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Trade talks between the US and China seem to be going well since the G-20 in Argentina. Markets remain skeptical that any real progress can be made, however it is seeming more and more likely that China will buy some US soybeans. The question the market wants to know is - How much and when? The better question is - Will it be enough, and will it be in time?
The USDA has US exports projected to be down 6.2 million metric tons from last year, but at the moment our combined sales and shipments are 11 million metric tons below last year. The USDA has expected other countries to step up and buy more US soybeans due to more competitive prices, and they have, but they can not replace the worlds largest soybeans buyer (by a long shot). The USDA also expected that while tariffs on US soybeans would have a significant impact, China would still need to buy US soybeans either directly from us or through a middle man. So far, we have not seen this to any great extent.
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While the USDA has accounted for a sharp drop in US exports to China, they are still expecting a sizeable amount of US soybeans to find a home in China. As far as I can tell by breaking down the USDA's global balance sheet and the current year export sales report the USDA is forecasting roughly 11 million metric tons of US soybeans to go to China during this US marketing year. Right now, China is on the books (sales and shipments) for just 585 thousand tons compared to just under 20 million tons at this time last year.
What Does China Need?
African Swine Fever (or ASF) may be helping China cut back on their feed demand needs more than the USDA expected. We are not exactly sure how big of a problem ASF is in China or how many hogs have been lost as they are very protective of details. However, it is very interesting to note that China has come in to buy US pork in the last two weeks despite a whopping 62% tariff. This could be a sign that things are worse than they let on.
Between the unknown extent of ASF and China's estimates of their own soybean stocks (who knows?) it is possible that China might not need a huge number of soybeans to get them through till the South American crop is ready for export. Brazil will have some soybeans to harvest in January and will begin shipping at full force by the end of February barring any major harvest delays. The window of opportunity for the US to fill the needs of China could be closing quickly. My best guess estimate is that China could use 5-10 million metric tons sooner than later.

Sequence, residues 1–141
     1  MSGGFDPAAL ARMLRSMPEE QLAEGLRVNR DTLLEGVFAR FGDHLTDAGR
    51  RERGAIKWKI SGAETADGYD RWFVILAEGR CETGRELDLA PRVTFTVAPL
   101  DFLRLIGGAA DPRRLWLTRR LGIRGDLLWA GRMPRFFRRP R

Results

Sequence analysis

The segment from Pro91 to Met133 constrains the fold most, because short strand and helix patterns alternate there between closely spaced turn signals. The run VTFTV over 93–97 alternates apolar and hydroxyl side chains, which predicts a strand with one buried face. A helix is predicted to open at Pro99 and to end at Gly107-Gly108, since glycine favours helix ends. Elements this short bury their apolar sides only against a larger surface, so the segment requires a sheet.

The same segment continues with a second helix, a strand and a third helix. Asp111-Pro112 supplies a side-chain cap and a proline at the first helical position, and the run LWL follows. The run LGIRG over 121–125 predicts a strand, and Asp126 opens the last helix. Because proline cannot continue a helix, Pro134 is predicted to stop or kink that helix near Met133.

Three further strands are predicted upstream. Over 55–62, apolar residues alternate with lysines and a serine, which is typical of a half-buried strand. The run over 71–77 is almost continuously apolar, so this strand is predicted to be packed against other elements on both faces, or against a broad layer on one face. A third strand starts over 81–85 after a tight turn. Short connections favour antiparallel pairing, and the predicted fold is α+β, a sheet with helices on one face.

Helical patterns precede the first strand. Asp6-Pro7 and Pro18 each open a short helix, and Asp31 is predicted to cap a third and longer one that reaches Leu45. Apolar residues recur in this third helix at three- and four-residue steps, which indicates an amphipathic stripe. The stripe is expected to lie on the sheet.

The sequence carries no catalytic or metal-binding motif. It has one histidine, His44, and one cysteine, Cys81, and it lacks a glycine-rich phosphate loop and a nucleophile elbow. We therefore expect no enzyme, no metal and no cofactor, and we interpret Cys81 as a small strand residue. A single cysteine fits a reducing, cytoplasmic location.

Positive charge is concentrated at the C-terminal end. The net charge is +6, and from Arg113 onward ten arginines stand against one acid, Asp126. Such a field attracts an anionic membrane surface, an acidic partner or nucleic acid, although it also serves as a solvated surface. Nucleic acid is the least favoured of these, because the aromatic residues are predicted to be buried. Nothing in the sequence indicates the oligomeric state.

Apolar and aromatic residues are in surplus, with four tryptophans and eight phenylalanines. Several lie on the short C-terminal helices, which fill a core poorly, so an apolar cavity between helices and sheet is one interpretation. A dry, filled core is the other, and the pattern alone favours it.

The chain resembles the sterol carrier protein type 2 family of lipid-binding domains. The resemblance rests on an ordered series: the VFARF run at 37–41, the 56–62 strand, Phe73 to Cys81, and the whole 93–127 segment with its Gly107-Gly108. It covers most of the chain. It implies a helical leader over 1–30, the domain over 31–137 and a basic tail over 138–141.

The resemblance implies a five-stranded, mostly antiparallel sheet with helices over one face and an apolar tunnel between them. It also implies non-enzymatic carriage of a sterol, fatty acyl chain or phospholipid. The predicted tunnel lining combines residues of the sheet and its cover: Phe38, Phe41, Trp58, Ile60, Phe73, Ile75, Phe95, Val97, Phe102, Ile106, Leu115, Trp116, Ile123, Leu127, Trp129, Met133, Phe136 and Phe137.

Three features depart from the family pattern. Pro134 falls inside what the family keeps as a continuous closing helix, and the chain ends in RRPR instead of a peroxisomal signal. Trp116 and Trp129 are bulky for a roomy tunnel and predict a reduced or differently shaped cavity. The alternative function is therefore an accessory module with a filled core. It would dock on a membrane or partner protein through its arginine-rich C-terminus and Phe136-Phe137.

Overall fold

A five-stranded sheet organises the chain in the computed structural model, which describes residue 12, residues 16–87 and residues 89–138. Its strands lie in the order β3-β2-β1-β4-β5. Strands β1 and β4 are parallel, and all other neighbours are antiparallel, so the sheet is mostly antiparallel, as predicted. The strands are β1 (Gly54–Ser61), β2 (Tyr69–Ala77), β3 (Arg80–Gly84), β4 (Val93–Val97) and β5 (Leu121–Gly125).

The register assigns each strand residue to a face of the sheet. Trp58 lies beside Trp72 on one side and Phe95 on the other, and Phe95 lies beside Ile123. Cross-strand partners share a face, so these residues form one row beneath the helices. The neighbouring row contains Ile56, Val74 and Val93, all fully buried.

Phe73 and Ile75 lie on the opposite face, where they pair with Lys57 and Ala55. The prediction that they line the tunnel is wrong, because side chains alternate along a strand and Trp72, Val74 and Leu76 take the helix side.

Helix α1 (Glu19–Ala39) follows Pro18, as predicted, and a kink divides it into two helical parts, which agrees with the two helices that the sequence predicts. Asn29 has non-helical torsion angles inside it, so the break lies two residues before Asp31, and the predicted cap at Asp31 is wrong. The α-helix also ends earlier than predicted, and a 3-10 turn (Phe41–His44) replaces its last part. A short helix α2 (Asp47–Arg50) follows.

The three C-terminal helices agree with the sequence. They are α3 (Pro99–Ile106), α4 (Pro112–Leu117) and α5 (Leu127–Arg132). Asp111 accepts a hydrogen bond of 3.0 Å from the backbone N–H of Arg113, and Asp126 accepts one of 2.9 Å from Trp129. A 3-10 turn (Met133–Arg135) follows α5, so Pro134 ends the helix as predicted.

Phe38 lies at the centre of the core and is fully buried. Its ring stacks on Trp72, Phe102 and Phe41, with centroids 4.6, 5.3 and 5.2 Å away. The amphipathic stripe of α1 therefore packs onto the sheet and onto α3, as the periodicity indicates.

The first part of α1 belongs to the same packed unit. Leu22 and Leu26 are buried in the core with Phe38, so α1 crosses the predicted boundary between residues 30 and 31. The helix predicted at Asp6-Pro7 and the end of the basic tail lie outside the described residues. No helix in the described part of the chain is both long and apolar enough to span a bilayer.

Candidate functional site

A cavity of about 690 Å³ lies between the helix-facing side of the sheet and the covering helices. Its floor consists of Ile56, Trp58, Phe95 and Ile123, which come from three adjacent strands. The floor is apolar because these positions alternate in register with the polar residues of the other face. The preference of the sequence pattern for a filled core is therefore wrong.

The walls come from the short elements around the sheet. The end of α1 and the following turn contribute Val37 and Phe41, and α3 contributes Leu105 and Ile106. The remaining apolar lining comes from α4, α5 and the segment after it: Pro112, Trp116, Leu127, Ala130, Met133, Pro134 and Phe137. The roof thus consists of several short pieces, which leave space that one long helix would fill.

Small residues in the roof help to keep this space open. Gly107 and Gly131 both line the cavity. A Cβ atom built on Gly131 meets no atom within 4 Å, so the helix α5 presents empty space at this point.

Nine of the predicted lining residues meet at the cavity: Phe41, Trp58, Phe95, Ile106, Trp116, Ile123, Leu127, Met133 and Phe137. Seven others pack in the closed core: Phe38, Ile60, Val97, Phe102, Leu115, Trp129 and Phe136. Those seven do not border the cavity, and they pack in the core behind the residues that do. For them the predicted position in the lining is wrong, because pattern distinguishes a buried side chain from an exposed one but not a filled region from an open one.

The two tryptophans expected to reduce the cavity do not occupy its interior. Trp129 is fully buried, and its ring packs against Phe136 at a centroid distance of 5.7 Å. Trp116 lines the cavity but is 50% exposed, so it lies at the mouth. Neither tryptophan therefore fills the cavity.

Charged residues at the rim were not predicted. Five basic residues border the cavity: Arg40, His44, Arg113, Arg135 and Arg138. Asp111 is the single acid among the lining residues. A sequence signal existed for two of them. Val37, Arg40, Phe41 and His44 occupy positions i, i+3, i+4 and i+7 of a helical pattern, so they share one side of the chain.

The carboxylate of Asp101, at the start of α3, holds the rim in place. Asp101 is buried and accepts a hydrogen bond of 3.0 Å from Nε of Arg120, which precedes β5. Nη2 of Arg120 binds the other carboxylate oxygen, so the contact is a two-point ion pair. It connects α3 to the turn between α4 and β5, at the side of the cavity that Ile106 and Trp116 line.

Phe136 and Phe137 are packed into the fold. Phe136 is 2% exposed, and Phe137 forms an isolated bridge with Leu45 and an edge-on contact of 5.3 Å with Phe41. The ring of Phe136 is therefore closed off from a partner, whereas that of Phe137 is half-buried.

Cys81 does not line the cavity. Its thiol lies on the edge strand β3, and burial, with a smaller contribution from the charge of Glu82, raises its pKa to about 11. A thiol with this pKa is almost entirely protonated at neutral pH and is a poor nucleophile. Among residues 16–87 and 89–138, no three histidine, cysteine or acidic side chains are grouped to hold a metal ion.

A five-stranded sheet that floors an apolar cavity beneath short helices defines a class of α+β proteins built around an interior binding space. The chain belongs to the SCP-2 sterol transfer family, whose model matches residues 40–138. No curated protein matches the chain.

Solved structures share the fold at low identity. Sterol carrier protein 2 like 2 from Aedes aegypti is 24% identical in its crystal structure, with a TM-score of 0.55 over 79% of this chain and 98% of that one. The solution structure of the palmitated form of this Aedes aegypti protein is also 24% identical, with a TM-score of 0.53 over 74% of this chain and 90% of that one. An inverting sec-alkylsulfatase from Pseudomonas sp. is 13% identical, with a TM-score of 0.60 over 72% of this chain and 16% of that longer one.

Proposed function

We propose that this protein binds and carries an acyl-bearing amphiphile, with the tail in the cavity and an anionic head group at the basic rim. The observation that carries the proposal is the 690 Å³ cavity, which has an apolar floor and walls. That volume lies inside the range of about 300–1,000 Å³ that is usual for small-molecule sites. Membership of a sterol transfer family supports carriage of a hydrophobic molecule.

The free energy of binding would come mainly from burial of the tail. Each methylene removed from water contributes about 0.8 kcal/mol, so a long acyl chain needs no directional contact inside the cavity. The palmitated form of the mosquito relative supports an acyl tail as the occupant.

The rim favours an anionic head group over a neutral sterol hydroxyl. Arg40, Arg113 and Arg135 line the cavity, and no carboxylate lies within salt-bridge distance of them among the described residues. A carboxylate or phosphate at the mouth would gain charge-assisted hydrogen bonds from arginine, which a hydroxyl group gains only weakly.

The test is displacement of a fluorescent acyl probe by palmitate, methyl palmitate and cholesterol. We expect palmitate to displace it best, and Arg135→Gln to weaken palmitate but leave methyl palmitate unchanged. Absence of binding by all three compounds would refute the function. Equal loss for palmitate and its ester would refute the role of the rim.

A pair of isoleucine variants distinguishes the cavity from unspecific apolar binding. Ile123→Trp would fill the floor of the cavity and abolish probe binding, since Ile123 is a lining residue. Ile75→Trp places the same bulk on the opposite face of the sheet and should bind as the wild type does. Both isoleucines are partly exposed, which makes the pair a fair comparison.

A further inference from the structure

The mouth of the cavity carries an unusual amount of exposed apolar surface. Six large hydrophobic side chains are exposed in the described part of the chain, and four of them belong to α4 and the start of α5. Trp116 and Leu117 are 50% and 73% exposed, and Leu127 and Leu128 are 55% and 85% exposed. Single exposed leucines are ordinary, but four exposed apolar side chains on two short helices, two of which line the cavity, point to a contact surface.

From what I can tell we need China to buy about 10 million metric tons just to catch up to the USDA's export forecast and keep the 955 million bushel (26mmt) ending stocks figure from rising further. This might be all China needs for now. I believe 10 million metric tons is not enough to dramatically change the balance sheet or outlook for soybeans. If China only buys what they absolutely need to get to the point where they can rely on Brazil, I think the market will end up very disappointed.
There is another scenario however, and I believe it is possible: China makes a splash. In this climate China may feel the need (as I do) to offer an olive branch to show their dedication to resolving this dispute. In this scenario China could buy 20-30 million metric tons for state reserves. While this gesture would just be a drop in the bucket towards closing the trade gap it could have a significant impact on the Soybean balance sheet and therefore prices. But, to have any real effect at least 10 million metric tons would have to be for this 2018/2019 marketing year (on top of the original 10mmt).
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This is why soybeans are stuck in a rut right now. We hear the positive trade news, this supports the market, but we also don't want to get ahead of ourselves because all this progress and talk could still end up very disappointing. At the same time soybeans are a very difficult sell because of the possibility of the second scenario I laid out above. While the second scenario might not be the most likely outcome because of the huge size and short timeframe, it could be a "silver bullet" for the soybeans market and that represents risk for the bears. It will be interesting to see how this plays out over the next few weeks.
Give us a call if you would like more info on the strategies we are using or if you would like to set up an account to put a plan in action. Ted Seifried - (312) 277-0113. Also, feel free to give me a call or shoot me an email if you would like to talk about your marketing plan, the markets, weather, or just to visit. Find me on twitter - @thetedspread
November Soybean Daily Chart:
Producers looking to hedge all or a portion of their production may be rather interested in some of the options / options-futures strategies that I am currently using.
In my mind there has to be a balance. Neither technical nor fundamental analysis alone is enough to be consistent. Please give me a call for a trade recommendation, and we can put together a trade strategy tailored to your needs. Be safe!
Ted Seifried (312) 277-0113 or email@example.com
Additional charts, studies, and more of my commentary can be found at: http://markethead.com/2.0/free_trial.asp?ap=tseifrie
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